MIGUEL MARQUEZ, CNN SENIOR NATIONAL CORRESPONDENT (voice-over): A nation divided. That divide growing deeper.

UNKNOWN: Look around. There aren't words. There's just rage.

MARQUEZ (voice-over): The consequence of the Supreme Court's historic and sweeping decision reversing nearly 50 years of abortion rights, legal precedence.

EMILY WALES, INTERIM PRESIDENT AND CEO, PLANNED PARENTHOOD GREAT PLAINS: We have to communicate very loudly that this is government interference at the most extreme. It is the government literally standing between you and your doctor and saying you cannot get this health care.

MARQUEZ (voice-over): Earlier today, Mississippi certified its abortion ban except in cases of rape or if the mother's life is in danger, the latest state to restrict abortion. Right now, at least nine states effectively ban abortions since Friday's ruling. Another five states are expected to limit abortion services in days or weeks.

At least 13 states have laws on the books that could go into effect or are contemplating everything from bans to substantial restrictions on abortion services. Twenty-one states and Washington, D.C. protect abortion services that has some conservatives calling for a national ban.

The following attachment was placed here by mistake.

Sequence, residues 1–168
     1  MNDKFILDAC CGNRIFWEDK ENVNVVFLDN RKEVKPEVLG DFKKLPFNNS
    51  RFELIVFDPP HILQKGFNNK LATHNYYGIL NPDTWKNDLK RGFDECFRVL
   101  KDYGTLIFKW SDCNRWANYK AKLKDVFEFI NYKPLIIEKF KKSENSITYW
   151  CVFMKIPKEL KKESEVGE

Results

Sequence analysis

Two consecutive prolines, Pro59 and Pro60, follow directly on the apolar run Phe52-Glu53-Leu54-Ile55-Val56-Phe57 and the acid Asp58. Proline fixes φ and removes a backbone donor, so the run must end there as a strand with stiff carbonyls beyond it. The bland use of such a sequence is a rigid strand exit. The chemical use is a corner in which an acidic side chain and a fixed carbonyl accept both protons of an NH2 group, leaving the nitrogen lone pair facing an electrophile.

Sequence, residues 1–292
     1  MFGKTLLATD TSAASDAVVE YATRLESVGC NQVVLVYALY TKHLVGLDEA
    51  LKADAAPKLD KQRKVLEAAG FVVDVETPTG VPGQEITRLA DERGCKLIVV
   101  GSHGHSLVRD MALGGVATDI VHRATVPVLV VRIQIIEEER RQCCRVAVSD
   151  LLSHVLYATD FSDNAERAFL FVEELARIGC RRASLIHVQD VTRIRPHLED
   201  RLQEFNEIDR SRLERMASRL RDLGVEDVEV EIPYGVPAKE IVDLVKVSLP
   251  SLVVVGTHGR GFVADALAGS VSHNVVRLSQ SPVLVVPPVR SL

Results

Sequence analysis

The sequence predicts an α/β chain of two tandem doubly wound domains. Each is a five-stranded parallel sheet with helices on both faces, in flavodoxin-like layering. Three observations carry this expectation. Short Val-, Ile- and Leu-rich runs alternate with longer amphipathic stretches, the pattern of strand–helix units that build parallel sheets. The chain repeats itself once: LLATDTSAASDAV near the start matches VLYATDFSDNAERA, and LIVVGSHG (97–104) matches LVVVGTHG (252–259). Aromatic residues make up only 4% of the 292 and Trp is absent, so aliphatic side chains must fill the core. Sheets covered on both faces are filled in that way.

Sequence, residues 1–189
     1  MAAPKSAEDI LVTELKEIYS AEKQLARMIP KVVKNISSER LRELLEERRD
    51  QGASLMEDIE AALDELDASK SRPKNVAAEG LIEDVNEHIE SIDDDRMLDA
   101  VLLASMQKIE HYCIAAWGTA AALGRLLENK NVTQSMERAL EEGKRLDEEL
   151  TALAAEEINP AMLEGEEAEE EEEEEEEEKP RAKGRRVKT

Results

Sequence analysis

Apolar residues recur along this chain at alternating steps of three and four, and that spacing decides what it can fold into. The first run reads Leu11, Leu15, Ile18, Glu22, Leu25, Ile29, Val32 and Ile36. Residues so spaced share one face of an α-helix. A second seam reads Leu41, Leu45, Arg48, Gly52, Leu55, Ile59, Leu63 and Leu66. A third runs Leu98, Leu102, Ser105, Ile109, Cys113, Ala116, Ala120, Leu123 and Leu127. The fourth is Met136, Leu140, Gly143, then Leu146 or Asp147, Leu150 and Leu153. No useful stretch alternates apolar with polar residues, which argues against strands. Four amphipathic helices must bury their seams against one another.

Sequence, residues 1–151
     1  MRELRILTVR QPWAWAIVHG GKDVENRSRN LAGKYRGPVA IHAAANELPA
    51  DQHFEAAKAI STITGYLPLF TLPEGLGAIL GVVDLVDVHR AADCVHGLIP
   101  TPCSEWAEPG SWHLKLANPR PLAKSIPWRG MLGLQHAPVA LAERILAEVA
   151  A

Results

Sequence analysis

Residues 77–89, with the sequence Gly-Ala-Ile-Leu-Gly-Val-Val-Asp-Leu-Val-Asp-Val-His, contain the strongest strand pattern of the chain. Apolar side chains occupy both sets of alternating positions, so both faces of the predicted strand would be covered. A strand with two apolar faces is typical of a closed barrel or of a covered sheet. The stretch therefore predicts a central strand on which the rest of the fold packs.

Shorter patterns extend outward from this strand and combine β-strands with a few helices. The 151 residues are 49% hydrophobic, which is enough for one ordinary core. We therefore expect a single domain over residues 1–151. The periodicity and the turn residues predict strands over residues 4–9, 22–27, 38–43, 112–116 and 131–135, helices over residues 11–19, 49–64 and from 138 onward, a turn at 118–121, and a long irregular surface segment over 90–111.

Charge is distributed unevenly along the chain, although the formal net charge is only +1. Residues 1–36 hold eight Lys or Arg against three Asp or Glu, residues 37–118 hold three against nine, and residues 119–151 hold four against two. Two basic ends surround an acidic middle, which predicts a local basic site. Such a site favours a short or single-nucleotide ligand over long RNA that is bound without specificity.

Former Vice President Mike Pence, who may run for president in 2024, said in a statement, "Having been given this second chance for life, we must not rest and must not relent until the sanctity of life is restored to the center of American law in every state in the land."

The fight already expanding to FDA approved prescription drugs that can induce an abortion. Could they be sent from a state where abortion is legal to one where it's not?


KRISTI NOEM, GOVERNOR OF SOUTH DAKOTA: I brought a bill that would ban telemedicine abortions.

MARQUEZ (voice-over): South Dakota Governor Kristi Noem who may run for president in 2024 and whose state already bans nearly all abortions says she would prosecute doctors who prescribe or dispense abortion inducing drugs, not the women who use them.

Those supporting abortion rights see the drug as a possible last best hope for some women in states that have ended or restricted access to abortion.